By Andrea Speir • Edited by Amanda Altman
While teaching privately over the past 10 years, I’ve had clients who loved their Pilates sessions, but went to the gym afterward to sit on a bike for a bit of cardio. That’s a lot of time to carve out for your daily workout!
I became inspired to incorporate cardiovascular elements like HIIT (High Intensity Interval Training) into the elongating and sculpting Reformer work, and soon, my group class fusion studio, Speir Pilates, was born. By taking some of the beloved elements from Pilates and bringing some more modern ideas into play, our “all in one” class style was created.
The jumpboard is a major player in our classes—I love the plyometric element! It helps to safely stretch and build muscle, while going easy on the joints; it’s fantastic for athletes, or anyone who wants to work out like one. In addition to the Reformer jumping, some of the exercises that follow use the Sitting Box on the floor to get your heart rate going, adding a new dimension to a prop we all love.
This workout, which is a sequence we often perform in our classes, is safe for anyone of any level. In fact, I shot the photos here while I was pregnant! If you’re up for getting your sweat on, these moves will spike your heart rate to improve heart health, boost endurance and leave you smiling. You can forget feeling like you want to hit the gym post-Pilates!
The Makings of the Perfect Jump
Before you hop on board, make sure your technique is plyo-perfect with Andrea’s tips.
Articulate, articulate. When you jump, make sure to land “toe-ball-heel.” You never want to land flat-footed—roll down through your foot.
Scoop and lengthen. To avoid crashing the carriage in, engage your core muscles deeply and think about length. The plyometric action of jumpboard work focuses more on the “out” versus the “in.” By controlling the movement with your abdominals and getting that great length in your jump, you won’t be landing aggressively and banging the carriage on the stoppers.
Get precise. The best placement for your feet on the board is approximately 2 inches from the top. Avoid landing with your feet too low (which is easy, especially when you’re nervous about missing the board by going too high). If you aim low, your back is more susceptible to arching and your abs to releasing.
Apparatus Setup: Keep the jumpboard in place and the headrest up for the entire workout.
Props: jumpboard; Sitting Box; set of 2- to 3-pound weights; mat
Breath: For the Reformer work, breath naturally. For the cardio fusion moves, exhale on the exertion.
Reps: 10 (unless otherwise indicated)
• Work at your own pace—this series is about safely and effectively strengthening your body.
• During the cardio segments, take a break if needed, and then jump back in when you’re ready.
• Aim to get this routine in three times a week for increased strength and tone, and improved endurance and heart health.
• Smile, breathe and work it!
Side Arm Work
Purpose: improves posture while strengthening the upper body
Setup: Lie on your side on the carriage with your knees bent, and hips and shoulders stacked. Bend your bottom elbow, wrapping your hand around the shoulder rest peg. Holding a handle in your top hand, reach your arm toward the ceiling directly above your shoulder, palm facing the jumpboard.
1. Reach your arm straight down to your hip.
2. Lift your arm to return to the starting position. Do 10 reps.
1. Extend your arm straight forward in line with your shoulder.
2. Press your arm back toward your thigh. Do 10 reps.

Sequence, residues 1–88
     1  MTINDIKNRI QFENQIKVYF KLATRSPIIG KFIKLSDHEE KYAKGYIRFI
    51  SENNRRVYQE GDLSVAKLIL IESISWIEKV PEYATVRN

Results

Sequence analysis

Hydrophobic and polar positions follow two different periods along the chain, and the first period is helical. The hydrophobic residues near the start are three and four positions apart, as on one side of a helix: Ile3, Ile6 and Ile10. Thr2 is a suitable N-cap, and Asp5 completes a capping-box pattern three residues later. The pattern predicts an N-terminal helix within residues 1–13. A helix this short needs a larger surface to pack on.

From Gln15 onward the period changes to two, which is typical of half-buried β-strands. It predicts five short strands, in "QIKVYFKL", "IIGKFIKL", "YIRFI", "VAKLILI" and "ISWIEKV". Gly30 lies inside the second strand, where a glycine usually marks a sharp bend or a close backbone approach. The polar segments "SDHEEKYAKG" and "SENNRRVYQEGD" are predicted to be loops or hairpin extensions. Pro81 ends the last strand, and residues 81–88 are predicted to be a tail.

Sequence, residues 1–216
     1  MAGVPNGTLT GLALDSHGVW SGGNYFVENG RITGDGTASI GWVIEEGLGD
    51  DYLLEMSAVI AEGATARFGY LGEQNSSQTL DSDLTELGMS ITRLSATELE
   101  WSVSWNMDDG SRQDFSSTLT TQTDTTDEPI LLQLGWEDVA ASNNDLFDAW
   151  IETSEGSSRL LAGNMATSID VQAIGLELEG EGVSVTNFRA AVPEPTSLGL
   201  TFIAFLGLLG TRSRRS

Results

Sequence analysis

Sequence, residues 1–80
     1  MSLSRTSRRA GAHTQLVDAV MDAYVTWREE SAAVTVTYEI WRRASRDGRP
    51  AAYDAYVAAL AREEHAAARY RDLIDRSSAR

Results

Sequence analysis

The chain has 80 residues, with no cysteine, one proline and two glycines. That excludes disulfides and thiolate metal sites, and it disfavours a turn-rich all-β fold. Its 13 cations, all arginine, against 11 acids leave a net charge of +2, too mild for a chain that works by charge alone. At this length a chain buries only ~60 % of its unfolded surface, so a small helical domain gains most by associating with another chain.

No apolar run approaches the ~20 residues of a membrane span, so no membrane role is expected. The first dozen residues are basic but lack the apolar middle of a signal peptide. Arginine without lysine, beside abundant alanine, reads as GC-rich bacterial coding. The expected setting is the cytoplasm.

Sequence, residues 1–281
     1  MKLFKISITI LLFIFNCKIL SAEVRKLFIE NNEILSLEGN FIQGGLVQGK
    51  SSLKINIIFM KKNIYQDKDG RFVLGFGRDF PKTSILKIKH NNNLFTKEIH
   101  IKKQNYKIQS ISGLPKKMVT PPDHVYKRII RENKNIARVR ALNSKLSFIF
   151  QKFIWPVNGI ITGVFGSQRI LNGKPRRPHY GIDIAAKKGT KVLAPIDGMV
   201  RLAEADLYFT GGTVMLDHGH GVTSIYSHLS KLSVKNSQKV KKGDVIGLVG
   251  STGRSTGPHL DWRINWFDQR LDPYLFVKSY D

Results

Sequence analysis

1. With your arm by your side, bend your elbow, bringing your knuckles toward your face.
2. Return your arm by your hip. Do 10 reps.
Repeat the entire sequence on your other side.
Tips: Engage your lats and traps to find the proper form—imagine that you’re cracking a walnut between your shoulder blades. Actively engage your abdominals to keep your back from swaying.
Modifications: Decrease the springs to 1 light, especially if you have a shoulder injury or feel like your shoulder is being pulled forward. If you feel pressure on your hip, place a pad underneath.
Advanced: Increase the springs to 1 medium–heavy.
Spring Setting: 1 medium
Purpose: sculpts the arms and back; activates the core and challenges balance
Setup: Get into a low-kneeling position on the carriage, sitting your hips back a few inches with your knees against the shoulder blocks. Hold a handle in one hand with your elbow bent, and place your other hand behind your back.
1. Reach the handle all the way back, straightening your arm.
Tips: Draw your shoulder blades together to keep them from rounding forward. Gaze between the risers at the back end of the Reformer (or at the base).
Modification: Sit on your heels, and decrease the resistance to 1 light–medium spring.
Advanced: Increase the springs to 1 medium–heavy, and kneel closer to the jumpboard, hooking your feet over the carriage edge.
Spring Setting: 1 heavy, 1 medium-heavy
Purpose: strengthens the quads, hamstrings and glutes; promotes awareness of side-body alignment to reveal side-to-side differences and weaknesses
Setup: Lie on your side on the carriage. Bend your bottom elbow, wrapping your hand around the shoulder rest peg, and place your top hand on top of the shoulder rest. Bend both knees, stacking your hips, and then anchor your top foot on the jumpboard at hip height.
1. Press your top leg out to straight.
Repeat the entire sequence on your other side.
Tips: Lean slightly toward the shoulder block to help keep your hips stacked. Focus on relaxing your jaw and neck to help keep shoulder tension at bay—and all the energy in your core and legs! Make sure to extend all the way out (without hyperextending your knee) and all the way in on steps 1 and 4.
Modification: If you feel any discomfort in your knee, drop down to 2 medium springs.
Advanced: Do step 3 with a lifted heel. Repeat the entire exercise for a second set with your top leg turned out.